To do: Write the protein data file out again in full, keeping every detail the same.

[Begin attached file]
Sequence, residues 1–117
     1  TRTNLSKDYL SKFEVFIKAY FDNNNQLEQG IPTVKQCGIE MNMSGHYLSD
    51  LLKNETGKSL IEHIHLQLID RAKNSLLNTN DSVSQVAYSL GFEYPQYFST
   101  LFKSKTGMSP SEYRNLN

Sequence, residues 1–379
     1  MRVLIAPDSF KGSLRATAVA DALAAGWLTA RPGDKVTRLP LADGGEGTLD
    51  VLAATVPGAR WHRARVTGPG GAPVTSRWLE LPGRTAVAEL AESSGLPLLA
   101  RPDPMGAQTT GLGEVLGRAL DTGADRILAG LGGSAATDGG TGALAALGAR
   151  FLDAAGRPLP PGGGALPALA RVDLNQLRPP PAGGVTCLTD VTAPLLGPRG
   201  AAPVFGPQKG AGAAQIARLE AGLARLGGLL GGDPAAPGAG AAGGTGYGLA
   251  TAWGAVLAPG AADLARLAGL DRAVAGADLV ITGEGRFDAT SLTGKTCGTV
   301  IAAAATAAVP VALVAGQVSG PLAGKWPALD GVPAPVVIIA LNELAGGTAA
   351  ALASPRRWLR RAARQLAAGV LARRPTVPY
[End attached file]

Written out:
Sequence, residues 1–117
     1  TRTNLSKDYL SKFEVFIKAY FDNNNQLEQG IPTVKQCGIE MNMSGHYLSD
    51  LLKNETGKSL IEHIHLQLID RAKNSLLNTN DSVSQVAYSL GFEYPQYFST
   101  LFKSKTGMSP SEYRNLN

Sequence, residues 1–379
     1  MRVLIAPDSF KGSLRATAVA DALAAGWLTA RPGDKVTRLP LADGGEGTLD
    51  VLAATVPGAR WHRARVTGPG GAPVTSRWLE LPGRTAVAEL AESSGLPLLA
   101  RPDPMGAQTT GLGEVLGRAL DTGADRILAG LGGSAATDGG TGALAALGAR
   151  FLDAAGRPLP PGGGALPALA RVDLNQLRPP PAGGVTCLTD VTAPLLGPRG
   201  AAPVFGPQKG AGAAQIARLE AGLARLGGLL GGDPAAPGAG AAGGTGYGLA
   251  TAWGAVLAPG AADLARLAGL DRAVAGADLV ITGEGRFDAT SLTGKTCGTV
   301  IAAAATAAVP VALVAGQVSG PLAGKWPALD GVPAPVVIIA LNELAGGTAA
   351  ALASPRRWLR RAARQLAAGV LARRPTVPY